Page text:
UPS Inc. reported solid second-quarter growth in revenue and profits despite charges taken for its voluntary retirement plan and efforts to upgrade the firm.
The Atlanta-based multinational package delivery company reported net income of $1.5 billion and earnings per share of $1.71, up 7.3% from $1.4 billion and $1.58 per share in the same period a year ago. Growth across all major segments in the quarter led to a 9.6% rise in revenue, to $17.4 billion from $15.9 billion.
UPS took a $263 million, or 23 cents per-share, pretax charge due to costs related to the voluntary retirement plan announced in April.
CEO David Abney told analysts during a conference call that economies in the United States, Europe and Asia look strong but that trade issues are causing concerns among its customers. Abney said UPS is an advocate for free trade and cross-border commerce, and the company is monitoring any changes in tariffs and international trade.
“We are seeing no impact at this time [from trade concerns], but we are having more frequent discussions with our customers on the issue,” Abney said.
The tentative agreement reached with the Teamsters union on a five-year contract was another positive accomplishment in the quarter, according to executives on the call. The leaders declined further comment on the topic as union members are scheduled to begin voting on the agreement in August.
In its domestic segment, UPS attributed the 6.3% growth in revenue to $10.4 billion from $9.7 billion to e-commerce demand and a 6.3% rise in revenue per piece as the company implemented higher base rates and fuel surcharges.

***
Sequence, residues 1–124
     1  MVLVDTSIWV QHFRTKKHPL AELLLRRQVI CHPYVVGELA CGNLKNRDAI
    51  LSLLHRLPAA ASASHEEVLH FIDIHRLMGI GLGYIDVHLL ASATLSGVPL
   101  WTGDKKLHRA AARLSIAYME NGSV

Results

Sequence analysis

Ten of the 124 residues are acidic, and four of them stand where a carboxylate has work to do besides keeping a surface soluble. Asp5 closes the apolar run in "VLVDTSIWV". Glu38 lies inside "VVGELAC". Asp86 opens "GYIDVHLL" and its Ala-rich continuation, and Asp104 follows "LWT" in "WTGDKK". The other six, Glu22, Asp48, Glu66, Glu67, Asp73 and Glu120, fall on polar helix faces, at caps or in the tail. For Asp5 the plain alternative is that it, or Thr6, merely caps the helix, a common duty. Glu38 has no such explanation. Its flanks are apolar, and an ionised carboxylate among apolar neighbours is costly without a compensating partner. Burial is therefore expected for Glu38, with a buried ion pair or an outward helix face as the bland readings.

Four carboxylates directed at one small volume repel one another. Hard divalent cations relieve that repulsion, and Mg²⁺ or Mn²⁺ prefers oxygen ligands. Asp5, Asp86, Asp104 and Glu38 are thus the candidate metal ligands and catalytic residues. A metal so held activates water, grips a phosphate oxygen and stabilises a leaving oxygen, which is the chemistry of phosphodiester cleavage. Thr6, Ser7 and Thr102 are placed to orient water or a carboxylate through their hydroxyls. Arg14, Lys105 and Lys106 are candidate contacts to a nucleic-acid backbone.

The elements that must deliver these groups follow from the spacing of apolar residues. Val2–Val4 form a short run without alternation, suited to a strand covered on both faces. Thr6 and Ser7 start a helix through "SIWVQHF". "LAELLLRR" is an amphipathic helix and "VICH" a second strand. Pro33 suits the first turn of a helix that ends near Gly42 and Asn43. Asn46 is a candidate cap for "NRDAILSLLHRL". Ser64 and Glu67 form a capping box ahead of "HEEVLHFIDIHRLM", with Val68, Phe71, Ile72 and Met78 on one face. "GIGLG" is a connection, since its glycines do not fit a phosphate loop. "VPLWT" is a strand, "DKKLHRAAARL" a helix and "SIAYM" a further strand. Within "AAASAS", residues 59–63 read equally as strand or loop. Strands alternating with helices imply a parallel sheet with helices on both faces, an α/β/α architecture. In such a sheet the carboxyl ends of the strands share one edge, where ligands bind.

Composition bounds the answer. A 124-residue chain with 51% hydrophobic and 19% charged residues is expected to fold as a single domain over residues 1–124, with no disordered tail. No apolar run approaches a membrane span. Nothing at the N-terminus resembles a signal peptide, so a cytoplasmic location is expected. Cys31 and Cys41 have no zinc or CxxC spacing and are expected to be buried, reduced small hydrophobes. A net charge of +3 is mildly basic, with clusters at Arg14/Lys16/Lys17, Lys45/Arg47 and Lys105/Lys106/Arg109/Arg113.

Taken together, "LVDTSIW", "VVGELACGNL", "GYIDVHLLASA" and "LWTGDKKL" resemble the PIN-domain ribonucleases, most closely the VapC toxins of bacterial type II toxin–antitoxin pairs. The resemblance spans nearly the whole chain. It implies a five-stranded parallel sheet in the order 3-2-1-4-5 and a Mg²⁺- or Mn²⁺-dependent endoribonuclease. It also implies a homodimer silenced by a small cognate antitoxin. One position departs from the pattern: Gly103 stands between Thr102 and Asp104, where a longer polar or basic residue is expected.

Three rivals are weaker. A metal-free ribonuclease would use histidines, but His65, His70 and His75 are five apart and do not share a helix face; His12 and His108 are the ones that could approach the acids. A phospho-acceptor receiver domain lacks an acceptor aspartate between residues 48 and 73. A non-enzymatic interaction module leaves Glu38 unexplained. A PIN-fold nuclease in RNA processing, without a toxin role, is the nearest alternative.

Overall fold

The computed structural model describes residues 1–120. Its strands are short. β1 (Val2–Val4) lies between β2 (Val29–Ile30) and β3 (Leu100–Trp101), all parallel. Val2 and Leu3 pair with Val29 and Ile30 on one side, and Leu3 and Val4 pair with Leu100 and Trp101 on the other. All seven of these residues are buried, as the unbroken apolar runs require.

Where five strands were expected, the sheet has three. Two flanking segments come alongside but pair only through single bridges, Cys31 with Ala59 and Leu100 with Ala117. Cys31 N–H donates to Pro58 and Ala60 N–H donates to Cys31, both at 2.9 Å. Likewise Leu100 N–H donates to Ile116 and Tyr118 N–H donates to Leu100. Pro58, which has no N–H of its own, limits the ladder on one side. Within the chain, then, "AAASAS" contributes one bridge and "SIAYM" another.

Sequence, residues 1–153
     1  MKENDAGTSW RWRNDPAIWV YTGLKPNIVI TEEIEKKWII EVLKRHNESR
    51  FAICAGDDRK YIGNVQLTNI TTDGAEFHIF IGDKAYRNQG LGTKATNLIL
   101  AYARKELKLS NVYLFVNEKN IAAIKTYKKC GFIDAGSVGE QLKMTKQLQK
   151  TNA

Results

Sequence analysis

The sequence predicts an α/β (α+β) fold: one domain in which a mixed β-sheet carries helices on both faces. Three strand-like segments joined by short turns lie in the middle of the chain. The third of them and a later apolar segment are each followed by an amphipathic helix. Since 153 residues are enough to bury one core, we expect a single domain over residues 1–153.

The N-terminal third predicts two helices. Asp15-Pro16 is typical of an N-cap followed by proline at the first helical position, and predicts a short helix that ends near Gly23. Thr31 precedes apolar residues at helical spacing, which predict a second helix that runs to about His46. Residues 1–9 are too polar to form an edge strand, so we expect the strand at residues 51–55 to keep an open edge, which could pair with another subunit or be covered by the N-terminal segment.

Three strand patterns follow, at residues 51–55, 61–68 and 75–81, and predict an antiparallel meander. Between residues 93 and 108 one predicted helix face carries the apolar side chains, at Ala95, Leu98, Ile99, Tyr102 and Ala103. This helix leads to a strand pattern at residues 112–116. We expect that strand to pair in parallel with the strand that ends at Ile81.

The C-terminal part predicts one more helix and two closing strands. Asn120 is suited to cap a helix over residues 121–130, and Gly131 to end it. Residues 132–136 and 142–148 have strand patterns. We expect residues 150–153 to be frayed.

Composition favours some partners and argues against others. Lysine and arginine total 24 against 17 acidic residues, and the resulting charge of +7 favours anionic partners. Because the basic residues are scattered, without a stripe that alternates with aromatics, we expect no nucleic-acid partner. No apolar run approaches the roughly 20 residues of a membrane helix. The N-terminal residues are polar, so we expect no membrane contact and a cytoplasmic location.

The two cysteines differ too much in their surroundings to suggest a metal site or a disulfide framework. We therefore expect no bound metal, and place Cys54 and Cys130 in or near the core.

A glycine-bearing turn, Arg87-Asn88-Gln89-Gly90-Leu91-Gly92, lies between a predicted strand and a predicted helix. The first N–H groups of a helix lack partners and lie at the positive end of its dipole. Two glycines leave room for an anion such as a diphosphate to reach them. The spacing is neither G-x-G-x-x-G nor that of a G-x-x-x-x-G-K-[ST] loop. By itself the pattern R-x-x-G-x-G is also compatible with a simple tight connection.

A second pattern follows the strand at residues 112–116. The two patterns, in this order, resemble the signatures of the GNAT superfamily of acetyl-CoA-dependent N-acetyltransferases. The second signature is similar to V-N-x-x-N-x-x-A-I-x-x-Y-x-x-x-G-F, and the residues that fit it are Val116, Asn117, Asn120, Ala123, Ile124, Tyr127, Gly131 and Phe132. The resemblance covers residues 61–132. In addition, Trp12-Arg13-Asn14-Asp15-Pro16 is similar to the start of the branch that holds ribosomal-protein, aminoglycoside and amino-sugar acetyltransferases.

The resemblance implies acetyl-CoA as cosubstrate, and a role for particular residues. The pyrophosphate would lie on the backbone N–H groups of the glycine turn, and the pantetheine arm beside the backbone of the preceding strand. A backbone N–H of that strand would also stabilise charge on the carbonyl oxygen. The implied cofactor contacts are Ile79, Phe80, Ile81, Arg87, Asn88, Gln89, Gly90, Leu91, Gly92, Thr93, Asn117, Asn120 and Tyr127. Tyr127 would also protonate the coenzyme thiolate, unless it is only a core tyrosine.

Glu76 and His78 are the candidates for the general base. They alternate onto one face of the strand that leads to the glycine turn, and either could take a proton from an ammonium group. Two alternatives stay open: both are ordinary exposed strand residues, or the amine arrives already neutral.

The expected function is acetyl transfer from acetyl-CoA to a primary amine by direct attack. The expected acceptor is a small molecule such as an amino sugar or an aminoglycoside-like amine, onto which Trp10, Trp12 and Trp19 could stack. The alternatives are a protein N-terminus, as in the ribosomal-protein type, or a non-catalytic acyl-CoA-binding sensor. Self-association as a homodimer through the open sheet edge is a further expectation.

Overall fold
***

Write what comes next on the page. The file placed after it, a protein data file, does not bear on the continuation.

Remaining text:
Operating profit for domestic declined from $1.3 billion to $939 million as UPS took a $196 million charge as it worked to transform the division.
Within the domestic group, the next-day air unit reported revenue of $1.8 billion, up 4.5% from $1.7 billion; deferred saw revenue of $1 billion, a rise of nearly 6%; and ground had revenue of $7.4 billion, up nearly 7%.
Average daily package volume tallied more than 16 million, up 2.6%, led by the ground group with 13.4 million packages. Average revenue per piece was $10.07, up 3.6%.
In the international segment, operating profit rose 8.2%, to $618 million from $570 million, representing the second-highest quarterly operating profit for the division. The European region led the improvement, UPS reported. Revenue for the international segment rose 14%, to $3.6 billion from $3.2 billion. The export unit had revenue of $2.7 billion, a 13% rise from $2.4 billion.
International saw 19.1 million average daily packages, up 3%. Average revenue per piece was $11.26, up 4.6%.
The supply chain and freight segment saw double-digit growth in revenue, increasing more than 16% to $3.5 billion from $3 billion, while operating profit came in at $216 million, an uptick of 1.9% from $212 million a year ago. The segment took a transformation charge of $31 million.
The supply chain segment focused on middle-market customers during the quarter. Its freight unit grew revenue 13% on higher pricing and tonnage increases, and the forwarding unit had revenue growth of 23%.
The freight group reported less-than-truckload revenue was $726 million, up 11% from $654 million. The LTL unit moved 2.6 million packages in the quarter, flat compared with a year ago.
Within supply chain, the forwarding group had revenue of $1.7 billion, up 23% from $1.3 billion, while the freight group’s revenue rose 13% to $853 million from $755 million.